DMAA has been illegal for use as an ingredient in dietary supplements since 2013, but many dietary supplement products that contain (or at least claim to contain) DMAA are still available for sale. Before you take a dietary supplement containing DMAA, know that DMAA is prohibited for use by Military Service Members.

What is DMAA?

DMAA (short for 1,3-dimethylamylamine) is a stimulant similar to amphetamine and was originally developed in the 1940s as a nasal decongestant. In recent years, DMAA has been used in some dietary supplement products marketed for performance enhancement (such as pre-workouts) and weight loss. There has been some controversary around the claim that DMAA occurs naturally in geranium plants, but according to FDA, there isn’t any reliable scientific data to support this.

What are the health concerns with taking DMAA?

DMAA is a stimulant and vasoconstrictor, that is, it narrows blood vessels and arteries and increases blood pressure. FDA warns this could lead to problems such as heart attack, shortness of breath, and tightening of the chest. There is limited scientific research on the safety of DMAA, but products containing DMAA have been linked to several serious adverse events such as liver injury, cardiac arrest, stroke, brain hemorrhage (bleeding in the brain), and death (following physical exertion). Numerous reports of adverse events involving products containing DMAA helped lead to FDA’s decision to prohibit the use of DMAA in dietary supplements.

Why is DMAA prohibited for use by Military Service Members?

DoD follows federal guidelines with regard to dietary supplements, and in April 2013, FDA declared DMAA illegal for use as a dietary supplement ingredient. DMAA presents a readiness risk to Military Service Members and is included on the OPSS list of dietary supplement “ingredients” prohibited by the Department of Defense.

How can I tell if my product contains DMAA?

DMAA goes by many names, but it’s often listed on the Supplement Facts panel of a product label as 1,3-dimethylamylamine, methylhexanamine, or geranium. Although DMAA has been prohibited as an ingredient in dietary supplements since 2013, products with DMAA continue to be produced and marketed, so it’s important to know what to look out for on labels. OPSS provides a list of commercial products that list DMAA on their product label or website, which also includes many of the terms for DMAA that could appear on a product label. The list includes current, discontinued, and reformulated products to help you identify dietary supplement products that might pose a risk due to the presence of DMAA.

For more information about DMAA, please read the DoD DMAA Safety Review Panel Report and visit FDA’s DMAA in Dietary Supplements.

Posted 25 June 2018

References

Archer, J. R. H., Dargan, P. I., Lostia, A. M., van der Walt, J., Henderson, K., Drake, N., . . . Kicman, A. T. (2015). Running an unknown risk: A marathon death associated with the use of 1,3-dimethylamylamine (DMAA). Drug Testing and Analysis, 7(5), 433–438. doi:10.1002/dta.1764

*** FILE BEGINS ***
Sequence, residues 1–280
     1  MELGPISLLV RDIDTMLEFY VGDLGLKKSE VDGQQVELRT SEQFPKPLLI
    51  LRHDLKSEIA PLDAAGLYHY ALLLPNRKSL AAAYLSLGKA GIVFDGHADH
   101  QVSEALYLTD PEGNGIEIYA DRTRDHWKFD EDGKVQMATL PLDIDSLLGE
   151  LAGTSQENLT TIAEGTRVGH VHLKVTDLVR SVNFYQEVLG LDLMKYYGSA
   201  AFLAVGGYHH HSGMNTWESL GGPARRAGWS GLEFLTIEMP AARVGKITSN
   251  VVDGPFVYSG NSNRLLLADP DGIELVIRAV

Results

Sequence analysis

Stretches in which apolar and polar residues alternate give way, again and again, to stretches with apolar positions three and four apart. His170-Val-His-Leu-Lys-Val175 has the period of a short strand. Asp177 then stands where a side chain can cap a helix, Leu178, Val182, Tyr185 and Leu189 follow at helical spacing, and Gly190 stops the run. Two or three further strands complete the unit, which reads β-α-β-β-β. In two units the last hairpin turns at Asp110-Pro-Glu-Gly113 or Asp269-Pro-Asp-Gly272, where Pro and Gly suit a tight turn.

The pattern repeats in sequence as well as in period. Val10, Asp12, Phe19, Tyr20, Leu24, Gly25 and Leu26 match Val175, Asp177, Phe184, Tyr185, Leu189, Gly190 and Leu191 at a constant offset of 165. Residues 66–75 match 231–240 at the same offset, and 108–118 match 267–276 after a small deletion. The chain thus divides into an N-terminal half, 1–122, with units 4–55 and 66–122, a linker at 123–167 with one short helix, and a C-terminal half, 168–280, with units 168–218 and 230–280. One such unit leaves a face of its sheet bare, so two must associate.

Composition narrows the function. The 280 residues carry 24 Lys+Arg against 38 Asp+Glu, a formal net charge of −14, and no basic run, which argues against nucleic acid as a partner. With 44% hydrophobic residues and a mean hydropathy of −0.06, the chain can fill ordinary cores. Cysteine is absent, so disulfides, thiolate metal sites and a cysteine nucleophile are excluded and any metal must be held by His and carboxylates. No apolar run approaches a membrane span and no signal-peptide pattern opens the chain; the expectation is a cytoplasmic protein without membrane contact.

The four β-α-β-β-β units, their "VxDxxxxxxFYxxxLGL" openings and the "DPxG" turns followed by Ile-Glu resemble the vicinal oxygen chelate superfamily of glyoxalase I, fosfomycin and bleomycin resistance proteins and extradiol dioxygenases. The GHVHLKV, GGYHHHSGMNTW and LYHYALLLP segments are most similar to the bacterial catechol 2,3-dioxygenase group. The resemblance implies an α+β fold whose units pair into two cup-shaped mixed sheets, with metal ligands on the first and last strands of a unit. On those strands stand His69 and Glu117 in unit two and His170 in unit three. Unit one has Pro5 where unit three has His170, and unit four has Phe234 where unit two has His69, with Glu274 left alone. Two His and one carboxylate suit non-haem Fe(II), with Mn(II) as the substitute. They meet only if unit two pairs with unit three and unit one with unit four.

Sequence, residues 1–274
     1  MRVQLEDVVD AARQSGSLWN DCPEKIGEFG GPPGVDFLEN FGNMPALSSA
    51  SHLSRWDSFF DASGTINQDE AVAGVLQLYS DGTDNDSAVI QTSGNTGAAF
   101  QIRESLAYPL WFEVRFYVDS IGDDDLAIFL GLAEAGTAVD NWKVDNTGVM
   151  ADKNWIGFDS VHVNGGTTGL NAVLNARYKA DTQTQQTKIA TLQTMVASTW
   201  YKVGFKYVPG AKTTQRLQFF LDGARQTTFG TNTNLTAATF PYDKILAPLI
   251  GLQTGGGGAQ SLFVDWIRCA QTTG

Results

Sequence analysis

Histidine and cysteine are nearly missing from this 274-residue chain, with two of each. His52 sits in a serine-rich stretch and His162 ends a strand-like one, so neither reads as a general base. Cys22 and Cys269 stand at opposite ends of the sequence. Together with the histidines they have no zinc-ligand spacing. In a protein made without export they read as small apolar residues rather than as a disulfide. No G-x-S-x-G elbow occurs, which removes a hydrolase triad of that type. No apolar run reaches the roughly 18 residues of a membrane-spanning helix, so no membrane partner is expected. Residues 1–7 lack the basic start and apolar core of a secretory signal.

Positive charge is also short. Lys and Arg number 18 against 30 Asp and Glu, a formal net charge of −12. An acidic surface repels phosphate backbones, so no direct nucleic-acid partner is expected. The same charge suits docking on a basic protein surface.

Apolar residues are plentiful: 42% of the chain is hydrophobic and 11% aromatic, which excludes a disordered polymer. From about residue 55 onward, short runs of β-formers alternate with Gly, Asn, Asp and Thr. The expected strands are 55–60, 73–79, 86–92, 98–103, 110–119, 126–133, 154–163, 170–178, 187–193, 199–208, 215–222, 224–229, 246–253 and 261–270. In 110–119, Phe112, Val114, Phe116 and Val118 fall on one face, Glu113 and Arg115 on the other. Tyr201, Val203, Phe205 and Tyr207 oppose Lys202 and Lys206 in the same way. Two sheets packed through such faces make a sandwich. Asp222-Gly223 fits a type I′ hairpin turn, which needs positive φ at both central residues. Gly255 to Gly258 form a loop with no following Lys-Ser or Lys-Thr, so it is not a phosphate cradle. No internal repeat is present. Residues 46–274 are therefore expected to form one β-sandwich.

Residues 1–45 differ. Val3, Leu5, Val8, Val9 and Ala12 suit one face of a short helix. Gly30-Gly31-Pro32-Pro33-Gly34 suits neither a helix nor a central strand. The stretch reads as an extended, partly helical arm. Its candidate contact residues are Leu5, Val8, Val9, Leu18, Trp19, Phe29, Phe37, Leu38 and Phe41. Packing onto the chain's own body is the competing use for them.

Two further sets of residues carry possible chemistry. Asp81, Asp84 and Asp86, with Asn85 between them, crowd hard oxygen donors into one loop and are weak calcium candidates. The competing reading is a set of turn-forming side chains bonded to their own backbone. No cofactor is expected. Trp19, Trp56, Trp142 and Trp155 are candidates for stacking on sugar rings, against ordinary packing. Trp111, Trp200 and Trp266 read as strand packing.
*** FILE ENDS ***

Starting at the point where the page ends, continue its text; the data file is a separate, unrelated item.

Austin, K. G., Travis, J., Pace, G., & Lieberman, H. R. (2014). Analysis of 1,3 dimethylamylamine concentrations in Geraniaceae, geranium oil and dietary supplements. Drug Testing and Analysis, 6(7-8), 797–804. doi:10.1002/dta.1491

Bloomer, R. J., Harvey, I. C., Farney, T. M., Bell, Z. W., & Canale, R. E. (2015). Effects of 1,3-dimethylamylamine and caffeine alone or in combination on heart rate and blood pressure in healthy men and women. The Physician and Sportsmedicine, 39(3), 111–120. doi:10.3810/psm.2011.09.1927

Brown, J. A., & Buckley, N. A. (2013). Toxicity from bodybuilding supplements and recreational use of products containing 1,3-dimethylamylamine. Medical Journal of Australia, 198(8), 414–415. doi:10.5694/mja12.11167

Cohen, P. A., Travis, J. C., Keizers, P. H. J., Deuster, P., & Venhuis, B. J. (2017). Four experimental stimulants found in sports and weight loss supplements: 2-amino-6-methylheptane (octodrine), 1,4-dimethylamylamine (1,4-DMAA), 1,3-dimethylamylamine (1,3-DMAA) and 1,3-dimethylbutylamine (1,3-DMBA). Clinical Toxicology, 56(6), 421–426. doi:10.1080/15563650.2017.1398328

Di Lorenzo, C., Moro, E., Dos Santos, A., Uberti, F., & Restani, P. (2013). Could 1,3 dimethylamylamine (DMAA) in food supplements have a natural origin? Drug Testing and Analysis, 5(2), 116–121. doi:10.1002/dta.1391

Eliason, M. J., Eichner, A., Cancio, A., Bestervelt, L., Adams, B. D., & Deuster, P. A. (2012). Case reports: Death of active duty soldiers following ingestion of dietary supplements containing 1,3-dimethylamylamine (DMAA). Military Medicine, 177(12), 1455–1459. doi:10.7205/milmed-d-12-00265

Gregory, P. J. (2013). Availability of DMAA supplements despite US Food and Drug Administration action. JAMA Internal Medicine, 173(2), 164–165. doi:10.1001/2013.jamainternmed.724

Kerpel dos Santos, M., Walber, G. B., Kreutz, T., Soares, K., Jacobi Danielli, L., Mariotti, K. d. C., . . . Pereira Limberger, R. (2019). Evaluation of the presence of 1,3-dimethylamylamine in pelargonium leaves and essential oils by mass spectrometric and chromatographic methods. Chromatographia. doi:10.1007/s10337-019-03715-y

Smith, T. B., Staub, B. A., Natarajan, G. M., Lasorda, D. M., & Poornima, I. G. (2014). Acute myocardial infarction associated with dietary supplements containing 1,3-dimethylamylamine and Citrus aurantium. Texas Heart Institute Journal, 41(1), 70–72. doi:10.14503/thij-12-2870

Vorce, S. P., Holler, J. M., Cawrse, B. M., & Magluilo, J. (2011). Dimethylamylamine: A drug causing positive immunoassay results for amphetamines. Journal of Analytical Toxicology, 35(3), 183–187. doi:10.1093/anatox/35.3.183